Could Worms Solve Our Styrofoam Waste Problem?

Plastic waste is out of control in this country, and Styrofoam is one of the worst offenders. Americans toss out 25 billion Styrofoam cups each year. Over two million tons of the stuff ends up in landfills, where it does not biodegrade. Scientists think they may have found a solution for our Styrofoam problem, though: feed it to the worms!

Partnering with researchers in China, Stanford University engineers have made a significant discovery: mealworms love to eat polystyrene. Also called Styrofoam, polystyrene is actually poisonous to some animals, so the fact that mealworms can eat a diet exclusively of the plastic is especially astounding.

While this diet doesn’t sound remotely healthy for the worms, researchers have yet to identify any adverse effects. In comparison studies, mealworms that ate exclusively Styrofoam were equally as healthy as those that a more standard diet of bran. Researchers are currently in the process of verifying that families of worms that consume only plastic are still healthy generations from now. Additionally, they want to confirm that predators that eat mealworms remain healthy after consuming worms that eat Styrofoam.

After digesting the plastic, the worm turns half of the Styrofoam into carbon dioxide, but that’s true of any type of meal mealworms eat. The other half gets released in the form of tiny non-toxic poop pellets. In all tests so far, the waste has been safe to be used as fertilizer to grow crops.

“There’s a possibility of really important research coming out of bizarre places,” said Stanford Professor Craig Criddle. “Sometimes, science surprises us. This is a shock.”

Though scientists have discovered that mealworms can thrive off Styrofoam, they’re still not entirely sure how that’s possible. Specifically, they’d like to learn what combination of bacteria is in the mealworm’s stomach that allows them to digest this material. If they could recreate that environment, they could perhaps find a safe way to quickly break down this type of plastic.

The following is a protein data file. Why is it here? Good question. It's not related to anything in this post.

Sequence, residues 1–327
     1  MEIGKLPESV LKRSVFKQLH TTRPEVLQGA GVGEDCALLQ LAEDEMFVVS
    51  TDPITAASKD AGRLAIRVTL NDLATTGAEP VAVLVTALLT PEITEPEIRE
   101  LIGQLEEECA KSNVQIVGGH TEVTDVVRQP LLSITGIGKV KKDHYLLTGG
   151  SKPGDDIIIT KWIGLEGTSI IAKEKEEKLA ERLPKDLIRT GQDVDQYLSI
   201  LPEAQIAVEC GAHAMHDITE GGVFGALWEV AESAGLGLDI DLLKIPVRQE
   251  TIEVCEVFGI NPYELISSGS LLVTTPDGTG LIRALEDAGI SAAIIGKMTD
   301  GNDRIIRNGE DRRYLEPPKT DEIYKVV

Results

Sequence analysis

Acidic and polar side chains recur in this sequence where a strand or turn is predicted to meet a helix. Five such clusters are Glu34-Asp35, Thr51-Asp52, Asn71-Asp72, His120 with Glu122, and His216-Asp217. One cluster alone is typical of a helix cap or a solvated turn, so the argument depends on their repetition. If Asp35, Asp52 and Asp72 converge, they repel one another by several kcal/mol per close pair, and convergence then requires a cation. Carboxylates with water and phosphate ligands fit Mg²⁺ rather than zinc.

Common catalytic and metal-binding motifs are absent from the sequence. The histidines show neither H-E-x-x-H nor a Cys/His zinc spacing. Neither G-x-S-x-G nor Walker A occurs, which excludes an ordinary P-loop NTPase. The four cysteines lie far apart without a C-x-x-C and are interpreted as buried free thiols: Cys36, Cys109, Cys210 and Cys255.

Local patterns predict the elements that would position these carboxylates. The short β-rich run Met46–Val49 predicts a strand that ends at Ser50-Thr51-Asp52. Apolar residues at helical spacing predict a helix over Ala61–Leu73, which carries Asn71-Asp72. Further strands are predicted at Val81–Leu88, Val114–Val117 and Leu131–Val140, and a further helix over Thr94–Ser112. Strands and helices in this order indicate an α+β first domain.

Indeed, it would be much more practical to replicate the worm’s microorganisms to tackle waste than to literally enlist mealworms for that job. Given that the small worms can only eat about 35 milligrams of Styrofoam each day, we’d need millions and millions of worms just to begin to handle the waste.

Clearly, and by the Stanford researchers’ own admission, many more experiments need to be conducted before an effective, practical solution can be reached. Still, the fact that mealworms can break down a plastic humans have never figured out how to biodegrade on our own is an exciting prospect.

Photo credit: Thinkstock

95 comments

Siyus Copetallus
Siyus Copetallus1 years ago

Thank you for sharing.

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Elsie Au
Elsie Au2 years ago

Still, it does not mean that we should continue using styrofoam.

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Linda C.
Linda C2 years ago

Even the most artificial product has its origin in something natural (as my father the biochemist used to say, everything is made of chemicals), and everything natural is food for something. This could be a promising path to finding micro-organisms that can digest plastics, etc.

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Natasha Salgado
Past Member 2 years ago

Wouldn't just banning styrofoam be more logical...okay then.

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Shailja Mukhtyar
Shailja Mukhtyar2 years ago

worms make the world a better place for all!! wow... still i dont want to touch!!
respect & appreciate them from a distance !!!

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Winn Adams
Winn A2 years ago

Thanks

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Winn Adams
Winn A2 years ago

Thanks

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Winn Adams
Winn A2 years ago

Thanks

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Paulinha Russell
Paulinha Russell2 years ago

Thank you

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Sarah Crockett
Sarah Crockett2 years ago

Thanks.

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